Latest Articles

  • PFICs: Current State of Affairs

    By:
    Paul H. Dailey, CPA, MBA
    |
    Apr 1, 2018
    Passive Foreign Investment Companies (PFICs) are still alive and kicking! The new law made only one structural change to the PFIC regime: limiting the PFIC insurance exception. 
  • Self-Employment Tax for Partnerships, LLC and LLP Members

    By:
    Dean L. Surkin, JD, LLM
    |
    Apr 1, 2018
    The advent of the Tax Cuts and Jobs Act of 2017 has started to affect the entity structures that taxpayers choose for their businesses. Some practitioners are recommending an expanded use of C corporations while others are recommending maximum utilization of the qualified business income (QBI) deduction. 
  • New York’s Corporate Nexus & Apportionment Rules: Overview & Update

    By:
    Mark S. Klein and Daniel P. Kelly
    |
    Mar 1, 2018
    New York’s corporate franchise tax reform, which passed in 2014 and became effective Jan. 1, 2015, was groundbreaking in numerous ways. (The Administrative Code of New York City was subsequently amended to adopt many, but not all, of the same revisions for city corporate tax purposes.) 

  • Relationship Capital: How to Evaluate Personal Goodwill Prior to Selling a Closely-Held Business

    By:
    Ladidas Lumpkins, CPA, JD, LLM (Taxation) and Roman Katz, JD
    |
    Mar 1, 2018
    How do you evaluate the financial power of relationships? An iconic scene from the movie The Devil Wears Prada offers great insight, particularly when powerful fashion editor Miranda Priestly recounts how she persuaded the magazine’s publisher to pass over a younger challenger for the job.
  • Understanding Unrelated Business Income Tax

    By:
    Israel Tannenbaum
    |
    Mar 1, 2018

    Facing increased competition for donor dollars and a growing charitable base, many tax-exempt organizations have set their sights on income diversification. As part of this quest for alternative revenue streams, non-profits are expanding into businesses traditionally dominated by taxable entities.  While this can be a boon to an organization’s resources, it can potentially subject tax-exempt entities to reporting and paying taxes, the most common of which is the tax on unrelated business income. 

  • Cybersecurity for Accountants

    By:
    Patrick Buono
    |
    Mar 1, 2018
    According to Forbes magazine, the global cost of cybercrime will reach $2 trillion by 2019. Warren Buffett considers cyber attacks “a bigger threat to humanity than nuclear weapons,” and Ginni Rometty, IBM President & CEO, describes cybercrime as “the greatest threat to every profession, every industry, every company in the world.”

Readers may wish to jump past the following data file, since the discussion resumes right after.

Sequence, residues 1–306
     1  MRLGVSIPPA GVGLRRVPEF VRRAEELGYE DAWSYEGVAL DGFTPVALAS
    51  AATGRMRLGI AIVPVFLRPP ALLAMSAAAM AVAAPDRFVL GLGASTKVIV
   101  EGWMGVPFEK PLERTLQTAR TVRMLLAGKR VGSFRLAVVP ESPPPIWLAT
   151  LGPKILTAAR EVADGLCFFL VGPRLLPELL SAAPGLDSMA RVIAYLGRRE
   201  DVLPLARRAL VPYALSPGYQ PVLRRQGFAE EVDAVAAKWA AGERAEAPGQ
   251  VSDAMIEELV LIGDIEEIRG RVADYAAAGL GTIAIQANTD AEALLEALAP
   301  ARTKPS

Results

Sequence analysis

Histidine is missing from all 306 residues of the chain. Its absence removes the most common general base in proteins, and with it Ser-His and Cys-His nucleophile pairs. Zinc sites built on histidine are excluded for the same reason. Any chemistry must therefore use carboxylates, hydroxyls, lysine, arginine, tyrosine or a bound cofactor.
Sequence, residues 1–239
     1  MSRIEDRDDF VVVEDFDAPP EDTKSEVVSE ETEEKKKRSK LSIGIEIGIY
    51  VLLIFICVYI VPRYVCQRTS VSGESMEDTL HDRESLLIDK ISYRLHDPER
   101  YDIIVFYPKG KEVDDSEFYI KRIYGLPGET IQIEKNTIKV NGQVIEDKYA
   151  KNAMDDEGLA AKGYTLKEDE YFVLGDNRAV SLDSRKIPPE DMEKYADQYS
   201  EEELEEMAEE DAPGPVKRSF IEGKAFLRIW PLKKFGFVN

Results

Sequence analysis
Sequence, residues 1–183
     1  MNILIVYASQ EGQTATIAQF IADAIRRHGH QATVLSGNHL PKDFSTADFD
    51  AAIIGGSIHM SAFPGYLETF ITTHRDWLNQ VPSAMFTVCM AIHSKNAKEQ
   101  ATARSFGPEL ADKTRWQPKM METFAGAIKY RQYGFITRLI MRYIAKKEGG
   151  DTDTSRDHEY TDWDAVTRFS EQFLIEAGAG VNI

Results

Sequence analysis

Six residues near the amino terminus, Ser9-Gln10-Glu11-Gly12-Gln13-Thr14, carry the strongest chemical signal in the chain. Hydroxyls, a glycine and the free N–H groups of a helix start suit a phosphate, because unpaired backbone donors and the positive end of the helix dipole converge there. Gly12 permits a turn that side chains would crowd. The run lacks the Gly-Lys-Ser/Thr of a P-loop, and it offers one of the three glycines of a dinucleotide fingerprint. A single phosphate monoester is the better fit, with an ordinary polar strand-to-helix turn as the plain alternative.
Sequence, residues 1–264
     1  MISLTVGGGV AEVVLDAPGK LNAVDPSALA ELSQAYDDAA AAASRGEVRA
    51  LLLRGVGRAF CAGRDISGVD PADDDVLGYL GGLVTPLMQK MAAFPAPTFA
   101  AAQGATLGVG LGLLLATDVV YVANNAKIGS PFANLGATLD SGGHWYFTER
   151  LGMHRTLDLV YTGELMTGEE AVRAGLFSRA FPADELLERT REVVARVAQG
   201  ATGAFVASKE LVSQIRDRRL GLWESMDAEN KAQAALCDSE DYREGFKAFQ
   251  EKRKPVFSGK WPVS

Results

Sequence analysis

• The Tax Cuts and Jobs Act: Traps for the Unwary Accountant

    By:
    Ellen Seiler Brody, JD, CPA, Esq. and Vivek A. Chandrasekhar, JD, Esq.
    |
    Feb 1, 2018
    On Dec. 22, 2017, President Trump enacted into law Public Law 115-97, which is colloquially, although not technically, called the "Tax Cuts and Jobs Act" (the "Act").  The Act enacts wide-ranging changes to the IRC, such as lowering the individual and corporate rates, creating a brand new deduction for certain non-corporate business, and increasing expensing for certain capital expenditures.
  • How the 2017 Tax Reform Act Affects Estate Planning for High-Net Worth Individuals

    By:
    Kevin Matz, Esq., CPA, LLM (Taxation)
    |
    Feb 1, 2018
    On Dec. 20, 2017, Congress passed far-reaching changes to the IRC that were signed into law by the president on Dec. 22, 2017 as Public Law 115-97 (the “2017 Tax Reform Act,” also informally known as the “Tax Cuts and Jobs Act”).  

  • The Effect of the Tax Cuts and Jobs Act of 2017 on Expatriation

    By:
    Shannon P. McNulty, Esq., LLM (Taxation), CFP
    |
    Feb 1, 2018

    Affluent U.S. citizens and long-term legal permanent residents (i.e., green card holders) looking to expatriate from the United States can face a daunting financial obstacle in the form of the exit tax regime imposed by IRC section 877A. While the recently enacted tax law leaves IRC section 877A unchanged, it effects other changes to the IRC that can make it easier for those seeking to expatriate to get out from under IRC section 877A penalties.

  • Comparing the New York City Unincorporated Business Tax and General Corporation Tax

    By:
    Robert Thee, CPA, PC
    |
    Feb 1, 2018
    Most businesses operating in New York City in the form of pass-through entities for federal tax purposes—such as partnerships, limited liability companies, S corporations, and sole proprietorships—will be subject to an entity-level tax: either the Unincorporated Business Tax (UBT) or the General Corporation Tax (GCT). 
Tax Quote
 

“The problem is not that the people are taxed too little. The problem is that government spends too much.” 

– Ronald Reagan

*Outside the Box is a new addition to the TaxStringer featuring important articles on financial and investment management topics by top authors who have expertise both inside and outside the realm of taxation.

 

 

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